The private companies with the highest rate of return will likely be early-stage companies, which puts venture capital—a subset of private equity—in a position to see an influx of investor capital. Some established funds have begun taking advantage of this and have announced they’ve raised sizeable funds this year. We’ll continue to see more of these announcements, but I think we’ll see something else too: an increase in the number of investors stepping out to start their own funds for the first time. Some will come from other venture capital funds, some will be former entrepreneurs, and some will be subject matter experts in emerging fields.

Historically, experience as an investor in venture capital has been key to starting one’s own fund. Experience is hard to come by because most funds don’t have many open slots, so . . . high barrier to entry. As more investors seek equity in early-stage private companies and more capital flows into venture capital, I see this barrier being lowered. More investors will take flyers on people who have unique relationships in and understand emerging sectors well but have zero venture capital experience. Some of these new managers will fail and some—hopefully more—will succeed.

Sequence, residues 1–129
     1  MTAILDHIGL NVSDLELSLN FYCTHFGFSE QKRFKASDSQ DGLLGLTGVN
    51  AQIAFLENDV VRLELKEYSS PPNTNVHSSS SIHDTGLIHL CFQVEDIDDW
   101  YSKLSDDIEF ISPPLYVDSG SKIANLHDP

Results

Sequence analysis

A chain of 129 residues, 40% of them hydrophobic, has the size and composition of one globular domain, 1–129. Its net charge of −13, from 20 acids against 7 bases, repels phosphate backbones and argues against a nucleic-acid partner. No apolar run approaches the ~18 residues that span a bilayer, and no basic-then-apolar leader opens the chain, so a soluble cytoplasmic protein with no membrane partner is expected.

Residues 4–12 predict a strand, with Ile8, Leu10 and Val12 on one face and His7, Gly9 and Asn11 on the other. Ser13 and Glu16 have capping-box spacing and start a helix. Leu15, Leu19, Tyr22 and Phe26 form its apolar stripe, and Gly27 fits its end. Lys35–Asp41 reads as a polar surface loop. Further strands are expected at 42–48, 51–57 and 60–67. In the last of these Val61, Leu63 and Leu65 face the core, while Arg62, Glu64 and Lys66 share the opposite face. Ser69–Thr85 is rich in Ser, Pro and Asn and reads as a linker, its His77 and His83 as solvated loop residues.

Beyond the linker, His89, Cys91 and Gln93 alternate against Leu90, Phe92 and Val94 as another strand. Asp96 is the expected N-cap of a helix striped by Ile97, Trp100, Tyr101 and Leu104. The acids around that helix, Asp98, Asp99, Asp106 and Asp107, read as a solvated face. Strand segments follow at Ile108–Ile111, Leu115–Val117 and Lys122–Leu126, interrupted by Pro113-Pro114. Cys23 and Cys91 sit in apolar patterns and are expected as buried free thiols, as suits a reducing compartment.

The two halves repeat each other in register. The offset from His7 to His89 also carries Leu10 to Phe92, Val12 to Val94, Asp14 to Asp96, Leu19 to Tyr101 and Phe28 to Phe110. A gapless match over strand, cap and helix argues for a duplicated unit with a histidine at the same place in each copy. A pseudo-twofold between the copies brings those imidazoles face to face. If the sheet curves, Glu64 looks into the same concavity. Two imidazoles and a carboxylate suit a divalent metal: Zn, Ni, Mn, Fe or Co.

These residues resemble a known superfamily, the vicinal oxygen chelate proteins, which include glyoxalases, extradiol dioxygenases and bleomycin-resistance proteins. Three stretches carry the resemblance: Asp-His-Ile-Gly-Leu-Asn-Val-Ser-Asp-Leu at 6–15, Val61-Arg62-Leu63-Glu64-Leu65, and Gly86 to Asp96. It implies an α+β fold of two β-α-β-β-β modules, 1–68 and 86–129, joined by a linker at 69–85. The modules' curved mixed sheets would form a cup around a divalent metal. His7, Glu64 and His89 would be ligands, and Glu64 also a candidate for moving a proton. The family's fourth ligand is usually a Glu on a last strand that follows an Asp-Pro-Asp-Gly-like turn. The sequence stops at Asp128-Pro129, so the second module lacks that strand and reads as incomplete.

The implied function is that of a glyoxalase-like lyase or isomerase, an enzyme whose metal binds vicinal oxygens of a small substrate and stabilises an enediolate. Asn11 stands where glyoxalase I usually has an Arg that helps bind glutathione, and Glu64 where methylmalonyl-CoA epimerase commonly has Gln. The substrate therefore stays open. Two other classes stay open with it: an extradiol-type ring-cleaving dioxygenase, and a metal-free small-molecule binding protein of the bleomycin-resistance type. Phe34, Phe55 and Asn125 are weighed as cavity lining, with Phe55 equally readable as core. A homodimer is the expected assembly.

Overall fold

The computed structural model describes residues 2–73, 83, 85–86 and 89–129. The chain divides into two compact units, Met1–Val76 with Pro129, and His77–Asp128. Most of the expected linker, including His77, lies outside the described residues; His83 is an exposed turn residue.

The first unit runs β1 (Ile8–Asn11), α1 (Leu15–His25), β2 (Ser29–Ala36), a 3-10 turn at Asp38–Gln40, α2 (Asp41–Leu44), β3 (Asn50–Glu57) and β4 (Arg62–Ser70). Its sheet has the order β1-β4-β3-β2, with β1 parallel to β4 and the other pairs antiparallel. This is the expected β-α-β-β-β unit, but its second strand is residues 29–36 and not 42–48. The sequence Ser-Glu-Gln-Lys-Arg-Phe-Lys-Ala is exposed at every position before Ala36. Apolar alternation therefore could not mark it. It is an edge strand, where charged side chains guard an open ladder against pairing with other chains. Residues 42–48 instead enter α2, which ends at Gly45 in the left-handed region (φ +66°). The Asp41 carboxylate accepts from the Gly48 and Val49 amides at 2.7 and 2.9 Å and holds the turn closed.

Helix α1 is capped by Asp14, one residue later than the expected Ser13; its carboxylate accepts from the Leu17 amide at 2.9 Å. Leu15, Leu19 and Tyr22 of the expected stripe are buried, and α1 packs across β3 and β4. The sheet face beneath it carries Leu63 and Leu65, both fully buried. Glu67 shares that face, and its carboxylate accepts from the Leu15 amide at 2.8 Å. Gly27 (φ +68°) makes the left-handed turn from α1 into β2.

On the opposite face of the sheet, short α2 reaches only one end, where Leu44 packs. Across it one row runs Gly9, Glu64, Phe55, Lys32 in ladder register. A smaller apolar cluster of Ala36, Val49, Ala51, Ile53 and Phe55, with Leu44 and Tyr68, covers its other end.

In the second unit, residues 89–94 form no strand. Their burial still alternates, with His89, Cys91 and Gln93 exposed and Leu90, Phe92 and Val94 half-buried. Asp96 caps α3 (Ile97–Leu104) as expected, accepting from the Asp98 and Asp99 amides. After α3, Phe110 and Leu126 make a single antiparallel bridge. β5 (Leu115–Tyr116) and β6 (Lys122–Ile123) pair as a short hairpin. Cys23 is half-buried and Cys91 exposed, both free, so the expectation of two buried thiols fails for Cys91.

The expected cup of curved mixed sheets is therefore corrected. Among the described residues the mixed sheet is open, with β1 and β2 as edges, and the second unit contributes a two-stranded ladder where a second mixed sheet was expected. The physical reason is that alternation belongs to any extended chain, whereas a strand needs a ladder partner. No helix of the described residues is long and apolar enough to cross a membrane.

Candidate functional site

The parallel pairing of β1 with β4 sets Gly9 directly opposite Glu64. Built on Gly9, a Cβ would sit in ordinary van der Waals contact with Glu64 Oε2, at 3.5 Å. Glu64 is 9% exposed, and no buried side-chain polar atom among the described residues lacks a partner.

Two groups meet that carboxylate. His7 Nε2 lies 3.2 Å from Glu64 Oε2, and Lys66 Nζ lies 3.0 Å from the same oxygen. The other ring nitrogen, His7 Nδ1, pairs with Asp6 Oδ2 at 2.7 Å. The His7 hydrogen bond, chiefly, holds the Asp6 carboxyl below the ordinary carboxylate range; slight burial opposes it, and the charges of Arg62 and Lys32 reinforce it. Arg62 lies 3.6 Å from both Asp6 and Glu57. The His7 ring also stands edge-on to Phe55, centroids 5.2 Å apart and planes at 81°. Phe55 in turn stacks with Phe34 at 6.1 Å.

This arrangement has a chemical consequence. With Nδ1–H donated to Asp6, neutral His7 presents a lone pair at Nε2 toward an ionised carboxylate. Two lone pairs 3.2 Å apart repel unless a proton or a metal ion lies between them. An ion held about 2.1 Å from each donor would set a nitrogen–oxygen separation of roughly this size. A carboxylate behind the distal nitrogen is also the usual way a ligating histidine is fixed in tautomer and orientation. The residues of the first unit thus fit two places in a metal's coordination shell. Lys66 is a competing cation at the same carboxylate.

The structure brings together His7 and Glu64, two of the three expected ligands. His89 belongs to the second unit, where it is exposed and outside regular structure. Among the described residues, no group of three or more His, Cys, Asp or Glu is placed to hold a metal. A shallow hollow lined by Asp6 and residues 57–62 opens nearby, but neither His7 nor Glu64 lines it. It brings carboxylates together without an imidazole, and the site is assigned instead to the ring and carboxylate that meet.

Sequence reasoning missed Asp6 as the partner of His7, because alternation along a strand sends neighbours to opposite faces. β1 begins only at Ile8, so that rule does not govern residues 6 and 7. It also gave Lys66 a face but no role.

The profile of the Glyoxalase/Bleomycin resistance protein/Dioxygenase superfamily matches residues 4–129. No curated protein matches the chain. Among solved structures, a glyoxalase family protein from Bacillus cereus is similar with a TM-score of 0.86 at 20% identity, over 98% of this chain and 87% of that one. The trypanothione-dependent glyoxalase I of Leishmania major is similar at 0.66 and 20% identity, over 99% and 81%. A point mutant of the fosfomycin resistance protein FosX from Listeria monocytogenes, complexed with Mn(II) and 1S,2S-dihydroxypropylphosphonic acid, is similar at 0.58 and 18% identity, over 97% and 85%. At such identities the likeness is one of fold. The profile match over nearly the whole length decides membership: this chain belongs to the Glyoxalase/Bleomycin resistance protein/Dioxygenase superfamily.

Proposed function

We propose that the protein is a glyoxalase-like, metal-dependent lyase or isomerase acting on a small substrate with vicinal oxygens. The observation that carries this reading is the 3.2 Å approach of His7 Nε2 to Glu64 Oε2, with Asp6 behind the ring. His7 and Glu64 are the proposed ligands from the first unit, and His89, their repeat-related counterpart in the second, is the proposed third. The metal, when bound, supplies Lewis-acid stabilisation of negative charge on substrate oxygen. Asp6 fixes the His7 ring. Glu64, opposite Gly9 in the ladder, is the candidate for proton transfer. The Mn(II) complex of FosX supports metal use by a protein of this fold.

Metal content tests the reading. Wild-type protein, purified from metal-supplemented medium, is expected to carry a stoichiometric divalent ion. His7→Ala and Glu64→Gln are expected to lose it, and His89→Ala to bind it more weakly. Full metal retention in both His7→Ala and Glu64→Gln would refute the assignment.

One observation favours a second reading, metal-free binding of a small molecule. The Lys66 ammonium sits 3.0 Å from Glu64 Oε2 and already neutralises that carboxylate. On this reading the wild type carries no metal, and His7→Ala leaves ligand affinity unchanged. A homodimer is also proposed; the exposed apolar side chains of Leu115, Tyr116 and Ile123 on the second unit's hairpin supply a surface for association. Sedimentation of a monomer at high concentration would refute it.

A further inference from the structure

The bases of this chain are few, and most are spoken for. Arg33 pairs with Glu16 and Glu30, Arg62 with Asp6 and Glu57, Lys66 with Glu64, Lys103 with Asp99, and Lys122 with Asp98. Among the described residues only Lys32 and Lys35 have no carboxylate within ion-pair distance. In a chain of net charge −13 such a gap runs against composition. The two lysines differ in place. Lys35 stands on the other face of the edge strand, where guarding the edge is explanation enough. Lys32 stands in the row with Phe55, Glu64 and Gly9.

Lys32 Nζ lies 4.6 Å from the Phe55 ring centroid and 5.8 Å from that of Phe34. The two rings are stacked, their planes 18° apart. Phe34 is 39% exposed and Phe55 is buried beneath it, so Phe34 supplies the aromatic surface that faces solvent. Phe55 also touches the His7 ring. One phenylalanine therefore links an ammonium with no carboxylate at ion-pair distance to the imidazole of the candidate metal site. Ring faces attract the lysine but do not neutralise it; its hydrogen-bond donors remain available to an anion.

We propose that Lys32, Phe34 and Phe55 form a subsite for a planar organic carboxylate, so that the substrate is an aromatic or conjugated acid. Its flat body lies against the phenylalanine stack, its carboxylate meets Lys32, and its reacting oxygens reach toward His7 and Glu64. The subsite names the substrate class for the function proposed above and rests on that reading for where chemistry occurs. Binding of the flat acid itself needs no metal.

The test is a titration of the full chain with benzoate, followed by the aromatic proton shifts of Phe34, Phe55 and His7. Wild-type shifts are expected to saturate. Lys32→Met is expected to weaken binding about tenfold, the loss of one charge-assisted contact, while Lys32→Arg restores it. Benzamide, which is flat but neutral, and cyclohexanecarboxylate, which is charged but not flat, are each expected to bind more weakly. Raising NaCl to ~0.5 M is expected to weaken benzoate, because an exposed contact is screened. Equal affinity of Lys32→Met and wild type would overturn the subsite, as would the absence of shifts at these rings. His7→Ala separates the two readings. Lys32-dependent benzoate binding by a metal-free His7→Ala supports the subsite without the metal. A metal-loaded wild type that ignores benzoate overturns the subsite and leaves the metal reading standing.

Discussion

I’m not sure of the timing of all this, but I’ll be watching it closely. We could be on the cusp of a big change in venture capital!

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Paying a Premium for Greatness

I’ve been chatting with a founder friend about a deal he’s considering doing. The seller doesn’t have any other suitors, probably because they’re asking for above-market pricing. My friend knows this and has been trying to get them to a price more aligned with the current market. All the numbers support my friend’s argument.

Today we spoke again, and he told me he’s going to try to meet them in the middle. He’ll likely end up paying more than the deal is currently worth. Not expecting this, I questioned his logic. His explanation: he’s focused on future, not current, value. He has a vision for creating more value using the asset. If he executes on it, the difference between what the deal is worth now and what he paid will be negligible. He sees a great opportunity to create a large amount of value and wants to capitalize on it quickly before someone else sees it.